Since the COVID-19 pandemic emerged in early 2020, COVID has become one of the top causes of illness and death in the US, and has especially impacted aging adults, for both health and social reasons.
Older age is one of the top risk factors for severe COVID; it’s even a stronger risk factor than vaccination status. So this is an important issue for us to follow in geriatrics.
On this page, I’ll be posting updates related to COVID and older adults, for 2022. I’ll be focusing on important developments and what I think is most important for older adults and their families to know, to be safer and manage these COVID times we are living through.
I also have a section below on general COVID safety principles for older adults, which I am pretty sure will hold true throughout this year…even as the COVID situation evolves.
Here is my most recent video update, from January 6, 2022:
This video update covers the latest on the ongoing Omicron surge, including whether it’s milder in older adults, what’s we’ve learned about rapid testing for Omicron, what to know about the current hospital situation, how to stay safer during the surge, and more.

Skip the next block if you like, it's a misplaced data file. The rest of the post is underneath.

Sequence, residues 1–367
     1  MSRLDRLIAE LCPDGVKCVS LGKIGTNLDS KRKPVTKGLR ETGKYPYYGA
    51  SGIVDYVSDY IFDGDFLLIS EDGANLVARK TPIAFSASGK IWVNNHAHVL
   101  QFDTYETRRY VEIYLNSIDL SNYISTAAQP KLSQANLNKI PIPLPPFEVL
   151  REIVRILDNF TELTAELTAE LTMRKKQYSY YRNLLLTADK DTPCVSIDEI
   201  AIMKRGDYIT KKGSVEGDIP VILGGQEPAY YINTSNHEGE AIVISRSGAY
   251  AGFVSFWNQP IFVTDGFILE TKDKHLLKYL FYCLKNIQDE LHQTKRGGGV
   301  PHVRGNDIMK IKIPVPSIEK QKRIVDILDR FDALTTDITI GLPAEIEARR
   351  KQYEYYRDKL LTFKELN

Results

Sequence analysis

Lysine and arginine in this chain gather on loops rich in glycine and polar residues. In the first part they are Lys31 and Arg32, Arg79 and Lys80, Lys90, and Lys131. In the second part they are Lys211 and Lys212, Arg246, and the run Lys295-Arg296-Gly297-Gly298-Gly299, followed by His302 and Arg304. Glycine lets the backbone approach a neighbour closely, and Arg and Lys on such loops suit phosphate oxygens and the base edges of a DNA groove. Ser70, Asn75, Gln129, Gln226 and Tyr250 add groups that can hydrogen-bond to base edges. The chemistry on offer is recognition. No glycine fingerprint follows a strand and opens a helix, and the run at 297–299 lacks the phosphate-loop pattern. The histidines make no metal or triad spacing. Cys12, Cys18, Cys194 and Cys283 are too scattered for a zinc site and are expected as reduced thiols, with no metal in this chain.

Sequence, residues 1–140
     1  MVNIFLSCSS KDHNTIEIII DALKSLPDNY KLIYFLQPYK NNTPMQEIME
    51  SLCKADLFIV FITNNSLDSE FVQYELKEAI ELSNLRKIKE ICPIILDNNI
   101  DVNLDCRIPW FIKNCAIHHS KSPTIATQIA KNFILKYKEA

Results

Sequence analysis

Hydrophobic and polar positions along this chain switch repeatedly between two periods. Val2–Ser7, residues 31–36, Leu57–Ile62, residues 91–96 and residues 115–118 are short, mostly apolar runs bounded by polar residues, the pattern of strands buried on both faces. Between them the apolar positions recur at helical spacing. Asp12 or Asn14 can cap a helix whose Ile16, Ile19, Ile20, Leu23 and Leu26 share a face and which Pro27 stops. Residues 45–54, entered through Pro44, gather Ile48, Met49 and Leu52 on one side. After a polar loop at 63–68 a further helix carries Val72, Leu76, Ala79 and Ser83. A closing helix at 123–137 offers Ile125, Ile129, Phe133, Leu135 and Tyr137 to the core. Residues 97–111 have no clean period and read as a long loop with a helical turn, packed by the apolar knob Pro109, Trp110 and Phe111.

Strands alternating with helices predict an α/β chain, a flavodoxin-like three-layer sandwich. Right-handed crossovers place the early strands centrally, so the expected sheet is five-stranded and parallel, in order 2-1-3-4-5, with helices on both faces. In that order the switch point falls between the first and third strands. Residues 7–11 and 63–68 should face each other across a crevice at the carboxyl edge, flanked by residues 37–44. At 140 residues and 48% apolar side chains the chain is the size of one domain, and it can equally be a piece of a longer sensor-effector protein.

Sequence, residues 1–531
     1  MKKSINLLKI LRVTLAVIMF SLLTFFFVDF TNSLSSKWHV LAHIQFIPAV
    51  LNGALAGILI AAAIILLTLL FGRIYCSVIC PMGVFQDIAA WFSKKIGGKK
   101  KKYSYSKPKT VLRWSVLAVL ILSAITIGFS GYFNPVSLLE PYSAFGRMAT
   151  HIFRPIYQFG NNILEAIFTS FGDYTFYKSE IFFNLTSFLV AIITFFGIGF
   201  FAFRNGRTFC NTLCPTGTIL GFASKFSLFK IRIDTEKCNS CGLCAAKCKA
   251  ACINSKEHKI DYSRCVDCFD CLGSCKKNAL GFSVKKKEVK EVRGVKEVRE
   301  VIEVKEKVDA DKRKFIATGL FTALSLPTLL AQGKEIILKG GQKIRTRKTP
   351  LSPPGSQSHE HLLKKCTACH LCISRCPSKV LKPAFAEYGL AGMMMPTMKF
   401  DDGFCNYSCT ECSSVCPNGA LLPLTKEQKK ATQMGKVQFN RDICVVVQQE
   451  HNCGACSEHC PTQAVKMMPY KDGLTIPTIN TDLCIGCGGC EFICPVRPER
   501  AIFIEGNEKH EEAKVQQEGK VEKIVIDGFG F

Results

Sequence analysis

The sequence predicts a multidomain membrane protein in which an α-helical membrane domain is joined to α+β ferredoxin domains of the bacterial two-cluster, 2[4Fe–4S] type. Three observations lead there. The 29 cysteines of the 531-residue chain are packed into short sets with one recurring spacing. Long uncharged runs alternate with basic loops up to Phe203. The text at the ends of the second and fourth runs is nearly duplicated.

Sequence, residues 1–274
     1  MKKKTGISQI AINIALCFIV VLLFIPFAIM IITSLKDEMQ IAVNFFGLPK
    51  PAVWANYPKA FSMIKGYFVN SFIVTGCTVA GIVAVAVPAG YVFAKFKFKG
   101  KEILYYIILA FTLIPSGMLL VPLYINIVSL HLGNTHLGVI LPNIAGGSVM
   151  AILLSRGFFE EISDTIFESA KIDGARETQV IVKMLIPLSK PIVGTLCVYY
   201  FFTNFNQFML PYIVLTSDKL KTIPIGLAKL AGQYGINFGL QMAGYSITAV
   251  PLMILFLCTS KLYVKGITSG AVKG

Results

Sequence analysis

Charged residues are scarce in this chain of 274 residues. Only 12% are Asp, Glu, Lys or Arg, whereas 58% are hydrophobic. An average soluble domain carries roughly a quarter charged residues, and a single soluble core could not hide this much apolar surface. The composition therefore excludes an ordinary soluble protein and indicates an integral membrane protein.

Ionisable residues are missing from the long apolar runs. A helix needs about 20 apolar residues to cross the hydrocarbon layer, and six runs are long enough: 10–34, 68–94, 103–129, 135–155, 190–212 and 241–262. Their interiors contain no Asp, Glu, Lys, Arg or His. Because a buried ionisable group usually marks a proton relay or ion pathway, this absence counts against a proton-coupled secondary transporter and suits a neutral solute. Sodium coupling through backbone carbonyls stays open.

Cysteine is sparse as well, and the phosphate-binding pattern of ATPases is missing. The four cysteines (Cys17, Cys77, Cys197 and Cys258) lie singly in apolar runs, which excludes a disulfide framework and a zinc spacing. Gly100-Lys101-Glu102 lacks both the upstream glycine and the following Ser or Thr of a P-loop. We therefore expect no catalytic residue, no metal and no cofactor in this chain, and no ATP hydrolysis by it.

The update addresses these FAQs:
- But isn’t Omicron supposedly “milder”?
- Do COVID tests (PCR and rapid) work against Omicron?
- Do the COVID vaccines still “work”, and will they work against Omicron?
- Are the COVID vaccines effective in older adults?
- Why get vaccinated/boosted if you’re just going to get COVID anyway?
- What about those new COVID treatments?
- Shouldn’t we just “let it rip”?
- And if I test positive for COVID?
- Is it safe to ….
Related links (including my favorite COVID Twitter sources) are posted on the podcast page for this update, which is here.
For my previous updates regarding COVID vaccines and other 2021 developments, see my original COVID updates page here.
General COVID principles for older adults (that won’t be changing)
COVID has been a bit challenging to cover in that things are often changing!
That said, over the past year, a few core principles have held true. Here they are:
1.The risk of being hospitalized and/or dying from COVID goes up with age.
Most people don’t get sick enough to be hospitalized from COVID, and that has been true even of nursing home patients (even before they were vaccinated).
But even though younger people have been hospitalized and even died of COVID, it’s overwhelmingly people over age 65 who have done so. Vaccines have reduced this risk for older adults, but most of the serious breakthrough infections still happen in older adults.